The Schmuck House

The Schmuck House is thought to have been constructed circa 1785 by one of Towson’s founding families, making it one of the oldest structures still standing in Towson. Features that make it an architectural standout are its facade made of local stone, large fireplaces, carved paneling, and the formal fenestration (the finish of its windows and doors).

Surrounded by every imaginable indicator of modern commercial life, the Shmuck house is a genuine relic, a throwback to Towson’s era as a crossroads town. Originally a private residence set on some 200 acres of land, over time the Shmuck House has had its fair share of unlikely commercial uses, having been a gun shop in the late 1960s and a bridal shop in the late 1970s.

Photo courtesy of Baltimore County Public Library collection.

[The Baltimore County Landmarks List BA-0208 (2001)]

The Schmuck House at 617 York Road is a small, T-shaped building of stone, supposedly built by Solomon Schmuck, an in-law of the Towson family. Two-and-a-half stories with dormers, it is probably the oldest remaining structure in Towson. Schmuck’s lot was unimproved in 1833, but when John Green was owner in 1841, the house was assessed at $1000, along with store goods. Silversmith Samuel Kirk once owned the house. For a number of years in the 1960s and 70s, it was used as a gun shop. In 1980, it was a residence and palm-reader shop, and in 1981-82, it was a bridal shop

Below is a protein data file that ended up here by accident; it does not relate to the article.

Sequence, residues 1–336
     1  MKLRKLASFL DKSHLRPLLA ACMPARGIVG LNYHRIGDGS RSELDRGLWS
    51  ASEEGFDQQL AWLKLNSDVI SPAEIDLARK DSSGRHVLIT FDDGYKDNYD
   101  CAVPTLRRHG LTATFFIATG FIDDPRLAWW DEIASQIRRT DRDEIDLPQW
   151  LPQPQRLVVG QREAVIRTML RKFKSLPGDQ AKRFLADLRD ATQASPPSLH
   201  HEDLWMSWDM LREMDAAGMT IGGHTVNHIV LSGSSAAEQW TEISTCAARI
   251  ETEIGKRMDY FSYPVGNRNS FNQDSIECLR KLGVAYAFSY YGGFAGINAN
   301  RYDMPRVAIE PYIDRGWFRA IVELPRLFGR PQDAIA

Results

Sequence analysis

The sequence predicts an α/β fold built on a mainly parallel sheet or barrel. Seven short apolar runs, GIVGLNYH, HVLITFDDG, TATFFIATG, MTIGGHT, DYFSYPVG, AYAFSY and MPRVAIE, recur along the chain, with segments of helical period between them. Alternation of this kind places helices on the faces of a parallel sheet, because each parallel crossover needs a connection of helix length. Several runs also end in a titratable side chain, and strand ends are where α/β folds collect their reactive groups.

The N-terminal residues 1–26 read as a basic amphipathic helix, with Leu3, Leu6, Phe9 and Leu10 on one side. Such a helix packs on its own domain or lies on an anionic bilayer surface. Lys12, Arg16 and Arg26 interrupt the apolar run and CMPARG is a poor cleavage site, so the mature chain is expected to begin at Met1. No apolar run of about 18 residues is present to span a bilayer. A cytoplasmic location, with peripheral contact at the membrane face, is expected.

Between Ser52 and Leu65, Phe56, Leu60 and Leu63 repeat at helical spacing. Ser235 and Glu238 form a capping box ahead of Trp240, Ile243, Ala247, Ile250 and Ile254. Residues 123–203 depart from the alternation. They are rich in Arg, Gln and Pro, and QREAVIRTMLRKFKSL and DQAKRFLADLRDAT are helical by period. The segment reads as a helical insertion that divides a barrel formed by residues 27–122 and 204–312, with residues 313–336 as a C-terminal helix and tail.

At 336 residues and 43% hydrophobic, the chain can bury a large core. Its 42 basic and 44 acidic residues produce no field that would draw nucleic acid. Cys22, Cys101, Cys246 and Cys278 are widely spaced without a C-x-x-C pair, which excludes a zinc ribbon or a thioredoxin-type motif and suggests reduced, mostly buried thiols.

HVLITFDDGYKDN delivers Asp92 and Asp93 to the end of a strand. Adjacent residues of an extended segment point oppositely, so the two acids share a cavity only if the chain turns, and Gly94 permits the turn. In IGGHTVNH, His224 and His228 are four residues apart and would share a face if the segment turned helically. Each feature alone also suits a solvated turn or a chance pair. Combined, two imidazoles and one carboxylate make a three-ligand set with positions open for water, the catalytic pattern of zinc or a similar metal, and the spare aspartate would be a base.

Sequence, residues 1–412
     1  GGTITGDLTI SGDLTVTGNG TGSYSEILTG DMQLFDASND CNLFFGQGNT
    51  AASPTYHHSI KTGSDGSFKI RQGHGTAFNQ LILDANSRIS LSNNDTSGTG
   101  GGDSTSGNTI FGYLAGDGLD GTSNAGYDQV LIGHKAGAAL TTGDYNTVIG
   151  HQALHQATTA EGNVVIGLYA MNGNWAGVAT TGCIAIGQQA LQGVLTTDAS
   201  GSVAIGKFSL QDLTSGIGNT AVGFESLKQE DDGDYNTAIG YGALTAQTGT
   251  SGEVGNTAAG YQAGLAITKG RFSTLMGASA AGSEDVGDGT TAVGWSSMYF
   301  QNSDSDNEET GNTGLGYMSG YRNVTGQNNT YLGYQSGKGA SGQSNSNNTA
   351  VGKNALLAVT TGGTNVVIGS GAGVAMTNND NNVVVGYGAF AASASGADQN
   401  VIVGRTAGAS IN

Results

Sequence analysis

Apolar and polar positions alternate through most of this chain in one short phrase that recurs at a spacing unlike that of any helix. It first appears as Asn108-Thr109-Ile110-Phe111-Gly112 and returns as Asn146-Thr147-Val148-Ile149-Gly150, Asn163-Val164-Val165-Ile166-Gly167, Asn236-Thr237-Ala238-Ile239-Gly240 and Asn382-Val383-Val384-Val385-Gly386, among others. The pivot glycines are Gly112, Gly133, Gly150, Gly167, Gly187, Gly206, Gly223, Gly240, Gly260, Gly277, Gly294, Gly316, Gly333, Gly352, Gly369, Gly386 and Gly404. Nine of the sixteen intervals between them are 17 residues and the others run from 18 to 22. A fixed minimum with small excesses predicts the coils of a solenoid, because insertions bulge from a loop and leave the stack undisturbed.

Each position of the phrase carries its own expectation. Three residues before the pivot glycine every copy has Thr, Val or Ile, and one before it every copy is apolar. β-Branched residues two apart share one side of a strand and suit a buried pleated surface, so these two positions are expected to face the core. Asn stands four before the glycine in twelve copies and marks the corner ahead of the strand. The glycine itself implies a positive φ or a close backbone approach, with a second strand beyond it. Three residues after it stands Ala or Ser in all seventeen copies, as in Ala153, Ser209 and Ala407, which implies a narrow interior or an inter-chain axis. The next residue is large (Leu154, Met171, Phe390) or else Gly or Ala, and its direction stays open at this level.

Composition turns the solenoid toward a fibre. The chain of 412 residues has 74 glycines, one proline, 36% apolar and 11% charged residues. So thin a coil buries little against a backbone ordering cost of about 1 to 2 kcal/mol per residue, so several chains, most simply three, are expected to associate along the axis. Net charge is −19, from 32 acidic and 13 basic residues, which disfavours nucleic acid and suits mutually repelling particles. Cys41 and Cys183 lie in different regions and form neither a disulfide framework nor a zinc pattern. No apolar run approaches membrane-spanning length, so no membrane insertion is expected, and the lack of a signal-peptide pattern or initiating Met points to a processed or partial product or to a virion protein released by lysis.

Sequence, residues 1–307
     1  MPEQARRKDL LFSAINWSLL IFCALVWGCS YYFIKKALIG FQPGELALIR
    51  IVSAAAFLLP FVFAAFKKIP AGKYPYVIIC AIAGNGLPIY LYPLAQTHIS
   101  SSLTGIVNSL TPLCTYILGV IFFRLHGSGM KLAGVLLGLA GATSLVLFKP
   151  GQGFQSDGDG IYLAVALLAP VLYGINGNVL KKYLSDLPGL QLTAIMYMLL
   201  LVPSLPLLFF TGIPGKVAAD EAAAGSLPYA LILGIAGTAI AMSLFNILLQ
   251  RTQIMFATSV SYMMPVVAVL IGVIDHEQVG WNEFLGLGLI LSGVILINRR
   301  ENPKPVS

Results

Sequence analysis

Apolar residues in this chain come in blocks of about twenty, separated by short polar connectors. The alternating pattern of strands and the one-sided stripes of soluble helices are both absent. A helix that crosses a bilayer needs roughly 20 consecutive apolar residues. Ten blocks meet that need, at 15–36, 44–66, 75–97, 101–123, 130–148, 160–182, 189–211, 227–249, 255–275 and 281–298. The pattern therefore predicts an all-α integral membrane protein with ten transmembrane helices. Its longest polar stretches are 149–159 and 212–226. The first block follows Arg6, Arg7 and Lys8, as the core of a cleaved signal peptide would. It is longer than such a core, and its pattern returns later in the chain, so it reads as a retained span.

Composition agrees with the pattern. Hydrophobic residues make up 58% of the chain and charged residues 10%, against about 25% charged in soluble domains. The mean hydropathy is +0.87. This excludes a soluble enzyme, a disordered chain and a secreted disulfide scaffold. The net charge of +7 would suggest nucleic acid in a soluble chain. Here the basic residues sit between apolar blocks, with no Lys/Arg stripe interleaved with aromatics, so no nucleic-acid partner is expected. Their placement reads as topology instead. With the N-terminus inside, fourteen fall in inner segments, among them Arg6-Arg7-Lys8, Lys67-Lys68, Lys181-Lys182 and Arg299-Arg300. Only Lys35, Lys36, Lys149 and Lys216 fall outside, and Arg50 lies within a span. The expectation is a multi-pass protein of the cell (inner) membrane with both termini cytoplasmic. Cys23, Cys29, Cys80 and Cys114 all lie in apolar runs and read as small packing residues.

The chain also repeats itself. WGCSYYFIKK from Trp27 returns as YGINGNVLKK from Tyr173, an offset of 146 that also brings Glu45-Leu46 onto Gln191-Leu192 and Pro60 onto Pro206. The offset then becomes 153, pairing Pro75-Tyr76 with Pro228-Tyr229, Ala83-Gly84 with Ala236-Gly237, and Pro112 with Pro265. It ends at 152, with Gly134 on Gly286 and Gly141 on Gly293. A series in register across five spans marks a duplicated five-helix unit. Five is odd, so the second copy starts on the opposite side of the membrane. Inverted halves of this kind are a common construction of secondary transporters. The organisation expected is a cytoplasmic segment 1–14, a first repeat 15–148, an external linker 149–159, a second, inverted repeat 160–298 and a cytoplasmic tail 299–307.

The Schmuck House

After exiting the park, continue north on York Road for our final stop. Cross to the east side of York Road to visit Prospect Hill Cemetery, a quiet oasis in a busy metropolitan area. Soldiers from every war since the Revolution can be found among the graves.

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